While Eleanor is a polarizing character for obvious reasons (she killed a fan favorite lead and is now actively working against all the main characters) Max is polarizing for subtler reasons. It’s not what she does but what she doesn’t do. Even ruthless Flint has those he’s loyal to – hell, he doesn’t even have to love them; he was ready to rescue Charles Vane in Season 3. But Max stood passively in Season 3 while Jack and Anne were in peril. She felt bad, but she still did it. While many viewers love Max, many struggle with her because she shows less loyalty than even Flint yet also has less depth for most of the story, as her motives weren’t revealed until the penultimate season. Post Season 2, she’s been the Daenerys of Black Sails. She talks about how smart she is, then she proceeds to be passive or act with shaky competence (e.g., her Season 3 attempt to buy Rogers’s friendship with stolen pearls; her meeting with Silver last episode).
But in her scene with Berringer, Max finally – finally! -- grows a spine and shows integrity. It’s gloriously fitting that the person who inspires her loyalty in action is not someone she loves romantically like Anne or even as a respected partner like Jack. It’s Idelle, who has stood by her side as a friend. It underscores how, as skilled as Black Sails is at the dynamics of sex and relationships, it’s even better at one of the most underrated dynamics: intimate friendships.
· A moment of appreciation for the always-excellent Ray Stevenson. Both Teach’s Season 3 entrance and Season 4 exit were larger than life, yet Stevenson’s magnetism kept the character utterly convincing and a blast to watch. He’ll be missed.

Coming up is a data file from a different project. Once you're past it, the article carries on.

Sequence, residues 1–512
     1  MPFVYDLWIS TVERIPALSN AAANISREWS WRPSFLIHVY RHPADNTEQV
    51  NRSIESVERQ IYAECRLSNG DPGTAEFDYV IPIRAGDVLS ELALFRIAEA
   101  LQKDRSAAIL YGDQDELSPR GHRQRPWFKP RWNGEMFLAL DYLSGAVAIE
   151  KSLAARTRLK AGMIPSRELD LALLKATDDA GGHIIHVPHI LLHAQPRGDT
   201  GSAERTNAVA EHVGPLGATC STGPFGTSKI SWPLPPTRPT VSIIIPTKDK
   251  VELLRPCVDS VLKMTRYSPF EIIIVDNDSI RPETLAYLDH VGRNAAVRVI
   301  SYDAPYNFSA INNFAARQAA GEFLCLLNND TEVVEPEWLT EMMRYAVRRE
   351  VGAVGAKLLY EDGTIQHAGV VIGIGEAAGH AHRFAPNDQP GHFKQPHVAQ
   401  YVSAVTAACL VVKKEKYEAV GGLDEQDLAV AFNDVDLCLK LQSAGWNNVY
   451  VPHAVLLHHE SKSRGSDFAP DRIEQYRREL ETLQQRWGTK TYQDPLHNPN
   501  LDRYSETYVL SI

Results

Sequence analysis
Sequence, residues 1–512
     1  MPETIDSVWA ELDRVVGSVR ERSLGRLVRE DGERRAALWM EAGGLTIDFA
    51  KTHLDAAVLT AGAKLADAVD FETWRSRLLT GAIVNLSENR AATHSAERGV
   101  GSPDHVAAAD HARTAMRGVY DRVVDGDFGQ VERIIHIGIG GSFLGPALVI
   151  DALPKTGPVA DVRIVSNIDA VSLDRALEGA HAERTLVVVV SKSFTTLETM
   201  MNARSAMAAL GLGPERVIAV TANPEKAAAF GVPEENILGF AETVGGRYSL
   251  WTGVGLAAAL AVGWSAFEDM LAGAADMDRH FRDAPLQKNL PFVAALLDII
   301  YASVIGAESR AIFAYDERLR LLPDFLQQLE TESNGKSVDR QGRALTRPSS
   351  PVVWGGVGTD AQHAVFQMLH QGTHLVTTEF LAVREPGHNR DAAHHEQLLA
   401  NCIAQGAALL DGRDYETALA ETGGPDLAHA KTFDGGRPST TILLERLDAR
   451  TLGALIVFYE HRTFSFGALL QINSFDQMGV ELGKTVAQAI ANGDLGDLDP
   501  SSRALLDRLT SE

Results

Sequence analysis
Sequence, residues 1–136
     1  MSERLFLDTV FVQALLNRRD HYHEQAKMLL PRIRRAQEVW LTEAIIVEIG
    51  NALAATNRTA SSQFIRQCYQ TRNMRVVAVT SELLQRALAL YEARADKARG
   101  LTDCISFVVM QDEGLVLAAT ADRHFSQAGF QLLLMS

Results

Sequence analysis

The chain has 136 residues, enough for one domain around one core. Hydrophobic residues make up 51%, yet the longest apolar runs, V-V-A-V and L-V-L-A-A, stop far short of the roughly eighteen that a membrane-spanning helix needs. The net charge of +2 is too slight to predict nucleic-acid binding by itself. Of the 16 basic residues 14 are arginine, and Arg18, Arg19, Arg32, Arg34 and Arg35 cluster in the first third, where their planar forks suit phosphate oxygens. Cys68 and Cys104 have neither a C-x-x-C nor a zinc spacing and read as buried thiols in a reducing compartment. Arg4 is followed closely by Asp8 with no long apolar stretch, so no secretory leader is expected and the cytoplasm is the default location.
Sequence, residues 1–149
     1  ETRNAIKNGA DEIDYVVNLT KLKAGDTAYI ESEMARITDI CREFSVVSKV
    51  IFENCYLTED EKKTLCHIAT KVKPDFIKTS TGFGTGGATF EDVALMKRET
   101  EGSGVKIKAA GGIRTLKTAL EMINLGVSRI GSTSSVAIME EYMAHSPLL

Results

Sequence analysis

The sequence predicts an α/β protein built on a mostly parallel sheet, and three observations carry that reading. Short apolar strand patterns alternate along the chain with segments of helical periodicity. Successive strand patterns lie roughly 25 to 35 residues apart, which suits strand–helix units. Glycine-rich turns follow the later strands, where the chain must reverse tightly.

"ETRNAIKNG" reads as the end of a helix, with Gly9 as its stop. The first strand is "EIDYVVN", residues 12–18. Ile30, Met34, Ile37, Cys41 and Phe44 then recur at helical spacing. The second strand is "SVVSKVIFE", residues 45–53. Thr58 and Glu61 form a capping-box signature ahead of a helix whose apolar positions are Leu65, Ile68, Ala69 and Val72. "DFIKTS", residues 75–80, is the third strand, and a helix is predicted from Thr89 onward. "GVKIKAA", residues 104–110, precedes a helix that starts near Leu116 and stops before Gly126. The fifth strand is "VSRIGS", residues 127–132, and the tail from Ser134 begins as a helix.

· Teach: “Ever captained a ship this size before”? Jack “God no.” Teach: “Have you captained a ship this size before?” Jack: “Sure.” Teach: “Good.”
· Jack talks of how some underestimate Teach’s brilliance because of his physical prowess. The same applies to Anne: “You always wanted to stand next to giants, and there you are. And I’m wondering how it is you and I are ever gonna move on from this.”
· The keelhaul scene begins with a crew member wiping Rogers’s face like a make-up artist giving an actor a touch-up before a scene -- a callback to 3.07, when Rogers told Flint he’d “play the part” of the villain. Playing it involves looking it. Can’t have an unseemly amount of blood on his face before stepping onstage.
· When did Silver learn to be a competent fighter, between Season 3 and 4? Can the Season 4 DVDs have an extra that’s an 80’s style training montage?
· Flint’s expression as Silver kisses Madi. Is he sad about his own past? Jealous in a way he can’t consciously acknowledge? Thinking about how this complicates his agenda or could lead to conflict? The beauty of Flint is that all interpretations could be valid and concurrent.
· Last episode I compared Berringer to Ned Low because despite their superficial differences, they share a violent extremism. Now there’s another commonality: both are 3 episode characters. On one hand, Berringer’s death is a great moment. On the other, the events leading to it are another irksome turn for Eleanor’s believability. She was shaken to her core by Ned Low in Season 2. No woman who has ever been scared by a man forgets about it. Because of her history, it doesn’t track that Eleanor takes so long to realize Berringer can’t be reasoned with (especially after seeing him treat Max the same way Low once treated her). Max shouldn’t have to warn her about thinking she can control him; she should know. Black Sails usually excels at character consistency; I hope there’s some kind of long game going on with Eleanor. Otherwise, her arc is less of an evolution than it is her character being rewritten.
· For those who like podcasts as well as reviews and recaps, try this Black Sails podcast.